We have a great slate of panelists for this session - representatives from other organizations working for the river and leading work on federal bills and big ideas. We will cover the Mississippi River Restoration and Resilience initiative (MRRRI), the Safeguarding the Mississippi River Together initiative (SMRT), the Farm Bill reauthorization and a big idea - the notion of an Upper Midwest Compact to protect the waters of the Mississippi from diversion. Our speakers represent organizations that are working to protect the Mississippi.
Environmental outcomes of the US Renewable Fuel Standard - the impacts of corn ethanol on carbon levels
On Feb 14, 2022, a group of researchers from the Universities of Wisconsin, Kansas, Kentucky and California published a paper that examines the overall impact of the US Renewable Fuel Standard on carbon in our atmosphere. Here's a link to that article in the Proceedings of the National Academy of Sciences. Based on their analysis, the researchers showed that ethanol from corn and other biofuels actually add to green house gases.
The researchers conclude that when considerations such as land use changes, increased fertilizer use, impacts of ethanol production and more, corn ethanol can actually be increasing green house gases. Corn ethanol is the current cornerstone of renewable fuels.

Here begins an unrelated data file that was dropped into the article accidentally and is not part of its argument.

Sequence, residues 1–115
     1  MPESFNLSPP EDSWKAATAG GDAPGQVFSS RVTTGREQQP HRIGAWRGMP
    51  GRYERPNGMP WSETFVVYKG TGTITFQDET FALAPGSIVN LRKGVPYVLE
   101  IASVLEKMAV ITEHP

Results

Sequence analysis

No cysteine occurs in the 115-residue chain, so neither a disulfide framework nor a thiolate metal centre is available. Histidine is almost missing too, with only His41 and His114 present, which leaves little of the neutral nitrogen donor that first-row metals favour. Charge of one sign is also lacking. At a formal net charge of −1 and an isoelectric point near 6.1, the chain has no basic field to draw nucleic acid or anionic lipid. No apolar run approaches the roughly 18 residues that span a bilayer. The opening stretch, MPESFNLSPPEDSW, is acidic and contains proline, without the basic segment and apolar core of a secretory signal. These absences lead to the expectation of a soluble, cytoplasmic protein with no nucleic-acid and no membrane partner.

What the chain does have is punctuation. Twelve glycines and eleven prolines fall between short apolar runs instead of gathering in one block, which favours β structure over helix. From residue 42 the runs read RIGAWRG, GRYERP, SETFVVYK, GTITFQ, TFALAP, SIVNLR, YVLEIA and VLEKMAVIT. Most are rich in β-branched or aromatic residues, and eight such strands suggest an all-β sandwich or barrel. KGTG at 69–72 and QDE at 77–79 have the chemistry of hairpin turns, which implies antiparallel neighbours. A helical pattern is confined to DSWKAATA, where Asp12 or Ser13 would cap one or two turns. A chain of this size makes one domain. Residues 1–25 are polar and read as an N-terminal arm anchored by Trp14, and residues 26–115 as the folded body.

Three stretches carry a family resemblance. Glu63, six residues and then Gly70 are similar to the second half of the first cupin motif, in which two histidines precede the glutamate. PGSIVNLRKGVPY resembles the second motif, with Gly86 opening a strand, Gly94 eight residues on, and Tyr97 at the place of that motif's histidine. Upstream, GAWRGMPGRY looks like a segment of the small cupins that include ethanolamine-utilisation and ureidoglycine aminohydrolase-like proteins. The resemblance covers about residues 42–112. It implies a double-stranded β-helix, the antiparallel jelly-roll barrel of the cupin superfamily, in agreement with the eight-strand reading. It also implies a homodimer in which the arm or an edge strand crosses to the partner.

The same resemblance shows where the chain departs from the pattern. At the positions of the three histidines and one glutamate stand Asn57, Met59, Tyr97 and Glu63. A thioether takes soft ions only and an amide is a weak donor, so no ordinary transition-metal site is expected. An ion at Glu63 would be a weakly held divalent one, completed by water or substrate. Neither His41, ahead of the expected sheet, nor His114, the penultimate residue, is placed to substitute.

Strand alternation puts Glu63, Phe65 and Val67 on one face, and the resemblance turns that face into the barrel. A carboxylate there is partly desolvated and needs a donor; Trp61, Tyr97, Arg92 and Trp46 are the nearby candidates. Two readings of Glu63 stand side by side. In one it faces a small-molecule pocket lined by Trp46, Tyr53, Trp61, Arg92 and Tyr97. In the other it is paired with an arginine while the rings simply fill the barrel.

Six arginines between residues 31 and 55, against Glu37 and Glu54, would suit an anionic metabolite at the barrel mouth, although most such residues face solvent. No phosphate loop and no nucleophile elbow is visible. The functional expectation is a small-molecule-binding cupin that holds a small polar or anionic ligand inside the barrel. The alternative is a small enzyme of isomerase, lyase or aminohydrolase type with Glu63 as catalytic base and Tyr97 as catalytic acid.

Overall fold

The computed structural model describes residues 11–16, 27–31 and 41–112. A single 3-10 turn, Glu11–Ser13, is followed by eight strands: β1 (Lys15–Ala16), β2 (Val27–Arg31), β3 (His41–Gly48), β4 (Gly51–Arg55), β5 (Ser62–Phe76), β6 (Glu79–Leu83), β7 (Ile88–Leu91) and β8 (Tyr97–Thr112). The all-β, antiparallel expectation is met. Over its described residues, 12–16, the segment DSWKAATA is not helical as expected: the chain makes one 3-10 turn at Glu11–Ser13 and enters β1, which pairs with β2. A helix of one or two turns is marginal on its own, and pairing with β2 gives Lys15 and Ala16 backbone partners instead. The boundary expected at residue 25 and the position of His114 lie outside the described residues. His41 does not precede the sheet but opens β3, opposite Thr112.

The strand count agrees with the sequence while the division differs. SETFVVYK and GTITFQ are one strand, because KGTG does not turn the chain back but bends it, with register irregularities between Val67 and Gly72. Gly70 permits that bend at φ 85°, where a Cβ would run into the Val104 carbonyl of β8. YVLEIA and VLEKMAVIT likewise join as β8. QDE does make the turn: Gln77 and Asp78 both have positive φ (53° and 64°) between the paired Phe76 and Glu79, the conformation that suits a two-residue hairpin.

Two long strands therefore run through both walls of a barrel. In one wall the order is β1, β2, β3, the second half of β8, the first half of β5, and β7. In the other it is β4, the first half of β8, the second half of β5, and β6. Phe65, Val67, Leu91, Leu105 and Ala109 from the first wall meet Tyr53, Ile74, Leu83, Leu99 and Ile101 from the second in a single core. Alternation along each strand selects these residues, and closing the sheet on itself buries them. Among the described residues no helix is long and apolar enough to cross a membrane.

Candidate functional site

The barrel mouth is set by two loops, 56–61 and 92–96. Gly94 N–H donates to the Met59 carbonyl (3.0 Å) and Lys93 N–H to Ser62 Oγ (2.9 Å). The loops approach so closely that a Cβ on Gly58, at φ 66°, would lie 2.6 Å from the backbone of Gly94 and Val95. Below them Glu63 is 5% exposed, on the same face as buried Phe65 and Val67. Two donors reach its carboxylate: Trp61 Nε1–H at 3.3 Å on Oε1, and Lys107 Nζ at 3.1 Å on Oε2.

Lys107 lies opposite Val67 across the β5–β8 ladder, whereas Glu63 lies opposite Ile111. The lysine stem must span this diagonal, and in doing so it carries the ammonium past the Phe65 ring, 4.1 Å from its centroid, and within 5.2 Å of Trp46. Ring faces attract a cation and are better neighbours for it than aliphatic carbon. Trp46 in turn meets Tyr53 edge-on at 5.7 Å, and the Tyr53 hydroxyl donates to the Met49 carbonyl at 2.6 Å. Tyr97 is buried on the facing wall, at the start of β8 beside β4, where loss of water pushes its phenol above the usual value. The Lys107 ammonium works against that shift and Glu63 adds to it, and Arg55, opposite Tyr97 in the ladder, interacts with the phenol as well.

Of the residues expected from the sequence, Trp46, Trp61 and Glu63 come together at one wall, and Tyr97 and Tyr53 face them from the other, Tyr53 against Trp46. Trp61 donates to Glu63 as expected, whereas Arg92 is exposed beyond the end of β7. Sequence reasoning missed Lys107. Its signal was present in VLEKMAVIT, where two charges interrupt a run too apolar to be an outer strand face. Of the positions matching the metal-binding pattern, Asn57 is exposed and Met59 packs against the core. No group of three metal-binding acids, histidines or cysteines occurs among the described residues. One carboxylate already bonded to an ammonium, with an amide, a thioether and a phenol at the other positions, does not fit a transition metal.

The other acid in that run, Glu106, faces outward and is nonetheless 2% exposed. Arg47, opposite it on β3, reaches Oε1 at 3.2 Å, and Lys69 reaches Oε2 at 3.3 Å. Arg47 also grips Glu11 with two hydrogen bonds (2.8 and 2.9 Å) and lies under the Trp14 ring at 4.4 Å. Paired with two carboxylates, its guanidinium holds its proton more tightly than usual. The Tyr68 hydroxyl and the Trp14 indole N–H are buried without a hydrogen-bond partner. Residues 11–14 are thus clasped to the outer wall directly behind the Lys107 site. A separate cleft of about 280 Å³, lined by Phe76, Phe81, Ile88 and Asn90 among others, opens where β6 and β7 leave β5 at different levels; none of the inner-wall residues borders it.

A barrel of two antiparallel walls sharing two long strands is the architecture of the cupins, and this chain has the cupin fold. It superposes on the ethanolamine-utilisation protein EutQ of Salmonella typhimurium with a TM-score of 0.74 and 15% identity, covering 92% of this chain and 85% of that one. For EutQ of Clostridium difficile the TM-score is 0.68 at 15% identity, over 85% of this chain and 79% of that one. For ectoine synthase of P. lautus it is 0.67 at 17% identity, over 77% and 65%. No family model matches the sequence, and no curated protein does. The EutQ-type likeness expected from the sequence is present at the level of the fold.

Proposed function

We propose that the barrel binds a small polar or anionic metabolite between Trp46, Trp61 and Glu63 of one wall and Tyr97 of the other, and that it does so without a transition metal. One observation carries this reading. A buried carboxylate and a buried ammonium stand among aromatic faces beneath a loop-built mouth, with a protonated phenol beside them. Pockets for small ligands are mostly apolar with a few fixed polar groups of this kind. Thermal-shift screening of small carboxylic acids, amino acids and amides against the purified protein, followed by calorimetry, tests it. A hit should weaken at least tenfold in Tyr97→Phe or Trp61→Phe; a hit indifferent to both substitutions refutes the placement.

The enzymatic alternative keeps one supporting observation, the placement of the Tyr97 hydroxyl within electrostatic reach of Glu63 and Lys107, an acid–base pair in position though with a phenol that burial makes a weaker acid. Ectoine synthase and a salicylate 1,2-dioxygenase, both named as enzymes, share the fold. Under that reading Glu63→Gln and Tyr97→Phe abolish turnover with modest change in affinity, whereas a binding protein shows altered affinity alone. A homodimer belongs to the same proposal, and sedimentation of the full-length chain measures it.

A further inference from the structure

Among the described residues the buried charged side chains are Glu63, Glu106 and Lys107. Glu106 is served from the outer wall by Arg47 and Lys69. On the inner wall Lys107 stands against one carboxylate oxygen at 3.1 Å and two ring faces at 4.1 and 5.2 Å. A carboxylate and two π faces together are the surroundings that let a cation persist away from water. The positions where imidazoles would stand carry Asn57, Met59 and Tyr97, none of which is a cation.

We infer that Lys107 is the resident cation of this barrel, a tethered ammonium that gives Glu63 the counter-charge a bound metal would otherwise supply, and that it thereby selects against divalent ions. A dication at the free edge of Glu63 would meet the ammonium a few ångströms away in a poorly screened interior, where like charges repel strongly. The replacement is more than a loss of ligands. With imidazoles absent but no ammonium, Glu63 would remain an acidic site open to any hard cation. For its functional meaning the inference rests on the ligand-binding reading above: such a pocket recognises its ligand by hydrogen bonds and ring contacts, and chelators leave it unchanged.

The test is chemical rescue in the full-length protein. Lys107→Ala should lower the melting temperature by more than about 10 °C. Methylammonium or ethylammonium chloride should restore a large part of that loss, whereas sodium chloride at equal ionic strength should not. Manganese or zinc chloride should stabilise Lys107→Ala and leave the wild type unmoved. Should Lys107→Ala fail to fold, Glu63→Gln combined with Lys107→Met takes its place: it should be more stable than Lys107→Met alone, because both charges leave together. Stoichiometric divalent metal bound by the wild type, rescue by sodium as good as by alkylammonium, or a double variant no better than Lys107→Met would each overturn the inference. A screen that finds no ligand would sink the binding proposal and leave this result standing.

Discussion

Corn ethanol was found to be worse for the environment than gasoline in this paper. Researchers from other institutions will add their analyses as they test the hypotheses of this paper. That is how science works, through testing and data, and rigorous discussion based on facts.
Science has become politicized, and it is likely that there will be much bluster and ballyhoo about this research, too. Depending on where you get your news, the interpretation will change. It's good to look at the data that the conclusions are based on and keep an open mind when the research is discussed.
This article, on the Civil Eats website, provides a good summary of the paper for non-scientific audiences from an environmental perspective. Limited reading of the article is allowed before the paywall closes. This article is from one of the authors of the paper, is a statement of findings in his own words on the UC Davis website. It is also a good summary of the findings.